This module consists of six videos covering the basics of financial reporting and analysis. The videos provide definitions of financial statement elements and exercises illustrating the underlying concepts. Topics covered in the six videos include (1) an overview of a classified balance sheet and the income statement; (2) a discussion of the classifications of various accounts in a classified balance sheet; (3) a review of the main sections of a multi step income statement; (4) the types and use of liquidity ratios; (5) a discussion of profitability and solvency ratios; and (6) a discussion of basic accounting conventions. The videos range from 3:43 to 6:23 minutes in length.
Type of Material:
The videos are most suitable for individual review outside of class. Students could view the videos before reading the chapter to obtain a broad perspective of the chapter, as a review of course material before attending a lecture, or to review concepts before working on homework assignments or in preparing for exams.
Adobe Flash Player (version 0.0.12.36).
While the video files are housed on YouTube, the user is not required to have a YouTube account to review the videos.
Identify Major Learning Goals:
As result of using these materials students will be able to: 1) classify asset, liability and stockholders equity accounts as required for a classified balance sheet; 2) classify income statement accounts as found on a multi-step income statement; 3) compute liquidity, profitability, and solvency ratios; and 4) understand accounting conventions.
Target Student Population:
The videos target high school or undergraduate students enrolled in an introductory financial accounting course.
Prerequisite Knowledge or Skills:
Content typical of the first couple of chapters in an introductory financial accounting course.
Evaluation and Observation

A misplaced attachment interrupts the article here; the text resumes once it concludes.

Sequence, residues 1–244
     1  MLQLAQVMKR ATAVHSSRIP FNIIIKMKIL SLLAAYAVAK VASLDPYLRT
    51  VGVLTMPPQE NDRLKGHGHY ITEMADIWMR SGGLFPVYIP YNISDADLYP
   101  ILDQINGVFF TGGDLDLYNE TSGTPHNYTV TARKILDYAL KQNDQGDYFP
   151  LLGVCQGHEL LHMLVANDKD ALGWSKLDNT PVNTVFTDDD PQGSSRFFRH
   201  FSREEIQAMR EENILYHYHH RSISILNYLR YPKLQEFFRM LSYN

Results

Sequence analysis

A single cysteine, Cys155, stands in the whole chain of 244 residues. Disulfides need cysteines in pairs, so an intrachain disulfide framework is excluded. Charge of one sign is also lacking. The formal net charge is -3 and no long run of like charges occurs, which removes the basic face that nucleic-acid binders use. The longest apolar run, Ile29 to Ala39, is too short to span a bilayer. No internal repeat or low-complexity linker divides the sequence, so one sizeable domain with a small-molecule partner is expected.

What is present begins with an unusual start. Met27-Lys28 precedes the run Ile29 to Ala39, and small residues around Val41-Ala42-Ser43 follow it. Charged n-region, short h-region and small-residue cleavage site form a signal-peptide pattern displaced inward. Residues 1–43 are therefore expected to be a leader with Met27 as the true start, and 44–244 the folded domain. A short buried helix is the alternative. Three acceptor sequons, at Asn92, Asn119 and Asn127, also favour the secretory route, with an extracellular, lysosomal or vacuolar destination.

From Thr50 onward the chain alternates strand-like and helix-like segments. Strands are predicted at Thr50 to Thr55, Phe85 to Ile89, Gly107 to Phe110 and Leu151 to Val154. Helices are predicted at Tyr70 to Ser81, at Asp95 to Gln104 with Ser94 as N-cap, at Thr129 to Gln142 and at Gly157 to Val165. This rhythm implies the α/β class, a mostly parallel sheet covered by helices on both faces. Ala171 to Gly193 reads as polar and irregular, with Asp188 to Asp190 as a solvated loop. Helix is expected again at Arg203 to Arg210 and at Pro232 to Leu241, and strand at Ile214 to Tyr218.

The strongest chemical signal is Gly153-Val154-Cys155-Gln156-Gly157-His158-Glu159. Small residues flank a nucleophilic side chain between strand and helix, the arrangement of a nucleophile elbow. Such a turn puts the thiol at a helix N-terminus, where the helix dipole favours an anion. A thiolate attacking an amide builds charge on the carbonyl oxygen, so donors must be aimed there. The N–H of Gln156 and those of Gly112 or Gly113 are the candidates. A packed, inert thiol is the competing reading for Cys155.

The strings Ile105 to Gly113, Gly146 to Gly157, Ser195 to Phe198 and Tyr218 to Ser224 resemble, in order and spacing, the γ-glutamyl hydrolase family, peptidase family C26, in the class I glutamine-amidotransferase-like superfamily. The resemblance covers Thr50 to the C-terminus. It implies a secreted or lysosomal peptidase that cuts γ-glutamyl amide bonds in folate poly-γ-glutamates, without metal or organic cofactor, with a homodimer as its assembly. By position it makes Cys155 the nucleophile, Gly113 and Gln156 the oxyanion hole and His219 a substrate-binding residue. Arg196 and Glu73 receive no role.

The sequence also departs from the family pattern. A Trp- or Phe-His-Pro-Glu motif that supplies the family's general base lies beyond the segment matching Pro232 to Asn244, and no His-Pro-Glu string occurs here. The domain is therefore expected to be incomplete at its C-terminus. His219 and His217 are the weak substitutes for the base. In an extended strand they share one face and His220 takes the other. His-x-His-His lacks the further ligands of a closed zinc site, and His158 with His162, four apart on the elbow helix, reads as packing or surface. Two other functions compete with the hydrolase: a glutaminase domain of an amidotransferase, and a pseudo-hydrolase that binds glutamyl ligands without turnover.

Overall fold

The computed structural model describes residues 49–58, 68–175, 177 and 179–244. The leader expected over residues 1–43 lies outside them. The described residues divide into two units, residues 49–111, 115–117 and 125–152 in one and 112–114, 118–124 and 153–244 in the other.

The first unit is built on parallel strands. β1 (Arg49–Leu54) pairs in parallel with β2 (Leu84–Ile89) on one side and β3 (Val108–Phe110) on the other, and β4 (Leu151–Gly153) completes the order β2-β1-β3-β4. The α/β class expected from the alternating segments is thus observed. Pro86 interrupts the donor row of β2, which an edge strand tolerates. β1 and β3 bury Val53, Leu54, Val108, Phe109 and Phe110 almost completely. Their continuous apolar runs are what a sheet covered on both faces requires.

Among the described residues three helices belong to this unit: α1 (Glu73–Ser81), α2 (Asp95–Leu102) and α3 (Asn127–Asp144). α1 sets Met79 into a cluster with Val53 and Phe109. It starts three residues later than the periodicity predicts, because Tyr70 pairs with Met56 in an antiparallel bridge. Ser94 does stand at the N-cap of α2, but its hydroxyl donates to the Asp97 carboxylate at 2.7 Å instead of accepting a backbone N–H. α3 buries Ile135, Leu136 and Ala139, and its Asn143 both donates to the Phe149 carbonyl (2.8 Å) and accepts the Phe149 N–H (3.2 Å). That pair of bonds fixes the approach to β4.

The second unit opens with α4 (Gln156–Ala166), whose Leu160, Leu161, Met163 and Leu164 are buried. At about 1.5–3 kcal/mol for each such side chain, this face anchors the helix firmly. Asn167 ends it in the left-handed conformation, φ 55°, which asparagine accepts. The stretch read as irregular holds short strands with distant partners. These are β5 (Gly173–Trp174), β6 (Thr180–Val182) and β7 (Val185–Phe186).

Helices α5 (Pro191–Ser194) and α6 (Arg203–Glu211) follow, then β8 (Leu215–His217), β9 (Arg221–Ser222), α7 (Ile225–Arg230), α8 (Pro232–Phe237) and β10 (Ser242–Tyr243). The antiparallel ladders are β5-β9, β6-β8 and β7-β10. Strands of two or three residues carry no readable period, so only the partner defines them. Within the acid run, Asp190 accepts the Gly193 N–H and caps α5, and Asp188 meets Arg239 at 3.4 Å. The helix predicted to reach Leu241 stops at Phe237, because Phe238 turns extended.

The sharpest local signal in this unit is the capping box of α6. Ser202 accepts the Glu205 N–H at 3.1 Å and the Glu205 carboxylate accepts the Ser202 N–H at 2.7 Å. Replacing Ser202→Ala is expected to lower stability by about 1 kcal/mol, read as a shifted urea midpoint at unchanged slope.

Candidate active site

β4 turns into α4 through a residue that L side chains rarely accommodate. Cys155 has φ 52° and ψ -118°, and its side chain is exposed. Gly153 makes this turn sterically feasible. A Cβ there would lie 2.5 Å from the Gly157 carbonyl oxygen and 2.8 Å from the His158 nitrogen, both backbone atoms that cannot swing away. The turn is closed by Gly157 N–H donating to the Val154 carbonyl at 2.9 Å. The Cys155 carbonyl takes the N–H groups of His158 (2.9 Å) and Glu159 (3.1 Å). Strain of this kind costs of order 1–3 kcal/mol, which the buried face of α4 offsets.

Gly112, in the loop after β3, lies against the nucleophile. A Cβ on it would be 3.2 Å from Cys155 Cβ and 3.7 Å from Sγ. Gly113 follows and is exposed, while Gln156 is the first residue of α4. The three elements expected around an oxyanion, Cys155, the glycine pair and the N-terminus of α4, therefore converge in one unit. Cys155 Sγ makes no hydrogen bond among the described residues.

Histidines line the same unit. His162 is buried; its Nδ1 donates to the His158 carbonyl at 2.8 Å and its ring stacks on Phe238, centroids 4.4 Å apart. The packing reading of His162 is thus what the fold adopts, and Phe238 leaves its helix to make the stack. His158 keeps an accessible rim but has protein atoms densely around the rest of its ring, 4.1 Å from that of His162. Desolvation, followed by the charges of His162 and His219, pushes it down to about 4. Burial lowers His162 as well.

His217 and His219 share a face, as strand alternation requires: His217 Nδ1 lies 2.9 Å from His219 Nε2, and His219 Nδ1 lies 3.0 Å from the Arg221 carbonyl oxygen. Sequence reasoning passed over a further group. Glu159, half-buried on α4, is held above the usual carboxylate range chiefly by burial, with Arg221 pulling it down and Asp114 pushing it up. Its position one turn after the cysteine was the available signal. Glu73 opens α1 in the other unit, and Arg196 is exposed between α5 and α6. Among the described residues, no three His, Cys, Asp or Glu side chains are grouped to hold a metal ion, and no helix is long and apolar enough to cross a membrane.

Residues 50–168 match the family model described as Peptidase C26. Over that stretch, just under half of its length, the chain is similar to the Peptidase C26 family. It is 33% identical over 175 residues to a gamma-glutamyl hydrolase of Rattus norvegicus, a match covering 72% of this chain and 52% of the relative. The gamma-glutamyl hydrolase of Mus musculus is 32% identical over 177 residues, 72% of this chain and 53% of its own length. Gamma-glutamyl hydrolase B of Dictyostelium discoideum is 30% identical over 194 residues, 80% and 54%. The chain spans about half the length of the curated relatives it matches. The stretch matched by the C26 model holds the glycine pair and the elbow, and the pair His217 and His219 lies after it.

Each video presents accurate content in a clear and concise manner. Each video is self-contained and includes an adequate amount of material. The beginning of each video includes a nice transition from the preceding video. The presenter provides simple, easy to follow, examples throughout the videos.
The videos tend to end abruptly rather than including a brief summary of concepts learned.
Potential Effectiveness as a Teaching Tool
The first video provides an overview of the learning objectives for the video segments that collectively comprise Chapter 4. Basic underlying concepts on which the lecture is based are briefly summarized prior to each lecture. Concepts are reinforced progressively and build on prior concepts. Each video is very efficient in that students can learn much in a short time.
Because the videos serve to summarize material presented in a textbook, the videos presume preparation by the student: they have either read the material or attended lectures covering the material.
Ease of Use for Both Students and Faculty
Each video is easy to use. They can be enlarged full screen, paused, rewound, or replayed from any point. The author/lecturer displays a pleasant conversational style that uses effective voice inflection and enthusiasm. The sharp contrast between the black background and white flip chart serves to focus the user's attention.
When a user does not have the correct video player, they are prompted to download it.
The videos only serve to present information and contain no provision to test understanding of the concepts. The use of a flip chart and marker, while effective, is not very visually appealing. In addition, the sharp contrast between the black background and white flip chart may be harsh on the eyes. The sound quality of a few of the videos contains static noise. Finally, the latter videos are quite dark, and more so when enlarged to full screen. As a result, the instructor tends to sometimes blend into the black background. The full screen version tends to be a bit blurred as well.